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MailTribune.com
  • Dead elk in Jacksonville was likely not local

  • On Thursday morning, my wife and I saw an elk that had been hit by a car on South Stage Road near Bellinger Lane. I have seen a few elk in the Applegate township area, but this was almost in downtown Jacksonville. Surely there isn't an elk herd in the area. Where did this bull elk come from?
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  • On Thursday morning, my wife and I saw an elk that had been hit by a car on South Stage Road near Bellinger Lane. I have seen a few elk in the Applegate township area, but this was almost in downtown Jacksonville. Surely there isn't an elk herd in the area. Where did this bull elk come from?
    — Steve L., Applegate
    Steve, this poor bachelor elk probably broke off from one of the herds in the nearby Beaver Creek or Little Applegate drainage areas.
    However, it is also possible that he traveled all the way from the more heavily elk-populated areas around Dutchman Peak, Sterling Creek or Mount Ashland, said Mark Vargas, an Oregon Department of Fish and Wildlife biologist.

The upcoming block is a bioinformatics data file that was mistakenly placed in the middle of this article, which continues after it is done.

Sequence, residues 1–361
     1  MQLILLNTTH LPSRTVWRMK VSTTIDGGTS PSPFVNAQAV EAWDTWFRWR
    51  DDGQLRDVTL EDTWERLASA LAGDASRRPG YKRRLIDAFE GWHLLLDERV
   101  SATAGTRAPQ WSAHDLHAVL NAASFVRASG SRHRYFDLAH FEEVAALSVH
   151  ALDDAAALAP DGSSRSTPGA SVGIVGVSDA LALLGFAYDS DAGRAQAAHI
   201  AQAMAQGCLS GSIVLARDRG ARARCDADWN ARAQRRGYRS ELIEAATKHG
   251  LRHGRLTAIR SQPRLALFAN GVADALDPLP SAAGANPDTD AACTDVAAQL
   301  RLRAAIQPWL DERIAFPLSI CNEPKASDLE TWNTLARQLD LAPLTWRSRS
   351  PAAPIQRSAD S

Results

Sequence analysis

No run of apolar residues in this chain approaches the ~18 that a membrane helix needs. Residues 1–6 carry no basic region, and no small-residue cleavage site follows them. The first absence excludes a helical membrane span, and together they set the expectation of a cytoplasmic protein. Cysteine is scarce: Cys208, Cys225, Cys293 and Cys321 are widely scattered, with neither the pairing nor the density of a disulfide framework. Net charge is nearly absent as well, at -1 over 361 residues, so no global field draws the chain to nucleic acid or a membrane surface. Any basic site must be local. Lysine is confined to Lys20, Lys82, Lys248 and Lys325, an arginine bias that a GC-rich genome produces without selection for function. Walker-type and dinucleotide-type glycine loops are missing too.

"Bulls are solitary or roam in bachelor groups most of the year, except during breeding season in August and September, when they go looking for the herds," Vargas said.
    Last year, there was one elk-versus-vehicle collision along Interstate 5, near Valley of the Rogue State Park, and two along Highway 234. No elk were killed on a state highway in the Jacksonville area last year, according to Oregon Department of Transportation spokesman Gary Leaming.
    Although it's sad to see such a majestic beast die in this manner, his passing isn't likely to be mourned by local landowners.
    "Elk can destroy irrigation lines, tear down fences and deplete crops," said Vargas. "Just imagine what they can do to a vineyard. They destroy it, and pear orchards. We've seen elk standing on their hind legs eating every pear they can reach. They're a big animal, and they can eat a lot."
    Send questions to "Since You Asked," Mail Tribune Newsroom, P.O. Box 1108, Medford, OR 97501; by fax to 541-776-4376; or by email to youasked@mailtribune.com. We're sorry, but the volume of questions received prevents us from answering all of them.
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